I picture myself standing on the riverbank, the sun warm on my face. I close my eyes. I can hear the water running by and I am calm. I can stand there all day.

Until the heat gets more intense, it’s burning. I open my eyes, look down at the water. At a package floating by, tied with string, no, wires. Lots of wires. The sun stings my face, I cover my face with my hands, they’re covered in blood and then, the darkness.

 

Tagged , , , , , , , , ,

Imagine

I carried out an act of vandalism yesterday, or maybe its classed as activism? All those who know me will be shocked and concerned about my welfare as I don’t do things like this, I’m straight-laced Kate, never get into trouble, get along with everyone and don’t like to rock the boat. Well never fear…….what I did wasn’t arrest-worthy….but I made a point.

I was enjoying a wonderful family day out at the Liverpool International Music Festival yesterday with my mini dudes (pics in the Inspiration gallery) and having devoured our picnic watching Alisha Dixon entertaining the crowds we wandered over to the family area. Sponsored by Liverpool John Lennon Airport the family section of the park was based around a huge man-made beach complete with buckets and spades and giant ice lollies, perfect for summer selfies! My little ones sat and listened to stories, made fairy tutu’s, crafted ice-creams from tissue paper and sported some pirate inspired glasses. They ran wild among giant strawberries, chased a very hungry caterpillar and finally wound up with Sharpies in hand (arghhhhh every parents worst nightmare) to add their scrawl to a giant LIMF cut out with the city skyscape printed on it, specifically for kids to depict their take on Liverpool life.This is where I committed my (not really) crime.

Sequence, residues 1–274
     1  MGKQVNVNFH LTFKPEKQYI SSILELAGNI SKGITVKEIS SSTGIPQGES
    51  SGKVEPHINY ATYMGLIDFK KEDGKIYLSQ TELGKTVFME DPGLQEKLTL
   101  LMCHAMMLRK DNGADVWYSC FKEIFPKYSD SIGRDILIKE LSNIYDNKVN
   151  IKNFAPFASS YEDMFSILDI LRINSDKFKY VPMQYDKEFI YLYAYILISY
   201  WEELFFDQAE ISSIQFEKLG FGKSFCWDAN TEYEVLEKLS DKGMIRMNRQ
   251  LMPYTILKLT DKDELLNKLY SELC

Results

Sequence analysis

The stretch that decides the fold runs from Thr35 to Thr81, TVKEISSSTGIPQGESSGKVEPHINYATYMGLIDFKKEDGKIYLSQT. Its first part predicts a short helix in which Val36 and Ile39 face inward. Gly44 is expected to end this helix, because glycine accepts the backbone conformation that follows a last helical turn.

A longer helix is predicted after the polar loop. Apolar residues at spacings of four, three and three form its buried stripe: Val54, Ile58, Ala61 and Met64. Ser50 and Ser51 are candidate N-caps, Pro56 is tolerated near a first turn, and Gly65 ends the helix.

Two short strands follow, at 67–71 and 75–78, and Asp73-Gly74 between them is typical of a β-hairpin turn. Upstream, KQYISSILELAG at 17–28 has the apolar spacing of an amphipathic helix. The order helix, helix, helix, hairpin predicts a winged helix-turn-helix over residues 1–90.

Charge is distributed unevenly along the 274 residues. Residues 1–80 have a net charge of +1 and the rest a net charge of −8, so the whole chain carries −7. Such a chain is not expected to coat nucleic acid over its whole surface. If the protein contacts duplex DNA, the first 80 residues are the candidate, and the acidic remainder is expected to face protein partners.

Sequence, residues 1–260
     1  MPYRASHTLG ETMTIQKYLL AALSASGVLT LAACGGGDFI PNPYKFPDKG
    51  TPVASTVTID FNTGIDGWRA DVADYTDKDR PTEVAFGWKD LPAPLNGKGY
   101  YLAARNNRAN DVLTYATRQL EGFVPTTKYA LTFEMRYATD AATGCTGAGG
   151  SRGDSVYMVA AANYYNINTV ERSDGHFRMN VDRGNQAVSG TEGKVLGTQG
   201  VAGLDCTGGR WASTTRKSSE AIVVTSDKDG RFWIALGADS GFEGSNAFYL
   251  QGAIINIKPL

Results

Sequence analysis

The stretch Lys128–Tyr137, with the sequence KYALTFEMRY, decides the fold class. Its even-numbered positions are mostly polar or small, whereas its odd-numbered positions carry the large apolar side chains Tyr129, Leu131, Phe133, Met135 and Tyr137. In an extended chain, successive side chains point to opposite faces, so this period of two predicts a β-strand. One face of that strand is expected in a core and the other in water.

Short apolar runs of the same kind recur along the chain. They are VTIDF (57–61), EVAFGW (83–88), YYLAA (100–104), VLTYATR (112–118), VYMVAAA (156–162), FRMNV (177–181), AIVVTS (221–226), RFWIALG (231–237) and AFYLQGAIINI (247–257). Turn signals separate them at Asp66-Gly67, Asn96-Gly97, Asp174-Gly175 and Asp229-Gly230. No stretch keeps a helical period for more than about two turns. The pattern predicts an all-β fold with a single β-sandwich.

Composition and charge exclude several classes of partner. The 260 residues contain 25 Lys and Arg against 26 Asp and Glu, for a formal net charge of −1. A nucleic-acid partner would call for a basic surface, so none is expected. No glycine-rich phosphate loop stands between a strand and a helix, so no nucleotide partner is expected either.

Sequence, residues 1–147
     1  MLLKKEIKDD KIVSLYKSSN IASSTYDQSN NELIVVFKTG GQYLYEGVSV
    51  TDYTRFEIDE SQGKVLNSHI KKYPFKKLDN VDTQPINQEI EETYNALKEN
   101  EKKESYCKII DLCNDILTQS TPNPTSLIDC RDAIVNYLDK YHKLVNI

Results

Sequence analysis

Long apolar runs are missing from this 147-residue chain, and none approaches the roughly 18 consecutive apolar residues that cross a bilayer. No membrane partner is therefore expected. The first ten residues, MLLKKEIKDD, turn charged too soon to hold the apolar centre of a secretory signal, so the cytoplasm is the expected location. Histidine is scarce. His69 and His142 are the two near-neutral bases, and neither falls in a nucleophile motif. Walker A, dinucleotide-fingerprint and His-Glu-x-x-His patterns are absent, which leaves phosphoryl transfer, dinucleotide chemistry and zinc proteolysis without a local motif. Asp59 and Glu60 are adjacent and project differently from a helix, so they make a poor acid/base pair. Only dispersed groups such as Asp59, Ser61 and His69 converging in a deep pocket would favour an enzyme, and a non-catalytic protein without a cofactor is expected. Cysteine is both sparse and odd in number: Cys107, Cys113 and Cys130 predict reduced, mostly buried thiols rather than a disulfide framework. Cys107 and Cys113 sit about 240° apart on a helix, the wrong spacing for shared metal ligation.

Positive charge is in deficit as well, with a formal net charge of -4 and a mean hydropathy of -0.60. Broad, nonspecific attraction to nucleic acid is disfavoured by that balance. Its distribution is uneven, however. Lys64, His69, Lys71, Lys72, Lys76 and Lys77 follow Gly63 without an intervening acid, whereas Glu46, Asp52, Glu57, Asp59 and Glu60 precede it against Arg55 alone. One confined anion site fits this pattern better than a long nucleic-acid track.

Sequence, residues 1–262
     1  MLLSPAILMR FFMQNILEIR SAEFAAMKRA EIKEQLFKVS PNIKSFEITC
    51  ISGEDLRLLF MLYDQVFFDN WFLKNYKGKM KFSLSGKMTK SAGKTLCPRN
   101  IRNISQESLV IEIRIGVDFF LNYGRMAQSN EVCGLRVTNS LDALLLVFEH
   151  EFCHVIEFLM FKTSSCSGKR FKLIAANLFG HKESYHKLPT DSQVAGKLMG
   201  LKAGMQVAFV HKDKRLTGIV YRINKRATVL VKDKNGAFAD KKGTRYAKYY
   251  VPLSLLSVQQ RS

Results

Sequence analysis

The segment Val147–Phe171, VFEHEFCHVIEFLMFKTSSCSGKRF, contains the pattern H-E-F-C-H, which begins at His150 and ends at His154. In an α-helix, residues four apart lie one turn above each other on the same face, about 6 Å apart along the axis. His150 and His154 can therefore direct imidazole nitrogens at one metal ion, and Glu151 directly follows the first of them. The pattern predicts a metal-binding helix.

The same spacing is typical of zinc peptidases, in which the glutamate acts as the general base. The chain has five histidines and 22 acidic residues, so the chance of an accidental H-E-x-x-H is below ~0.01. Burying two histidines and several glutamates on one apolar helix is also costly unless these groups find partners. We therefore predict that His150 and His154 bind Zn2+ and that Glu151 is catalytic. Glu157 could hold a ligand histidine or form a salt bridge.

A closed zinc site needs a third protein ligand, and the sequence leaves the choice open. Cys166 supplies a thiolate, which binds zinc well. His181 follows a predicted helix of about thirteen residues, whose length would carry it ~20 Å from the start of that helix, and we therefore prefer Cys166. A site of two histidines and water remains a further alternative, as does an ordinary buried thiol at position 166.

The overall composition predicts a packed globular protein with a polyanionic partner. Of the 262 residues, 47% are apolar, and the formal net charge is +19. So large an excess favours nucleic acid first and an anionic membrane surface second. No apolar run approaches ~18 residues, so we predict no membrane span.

IMAGINE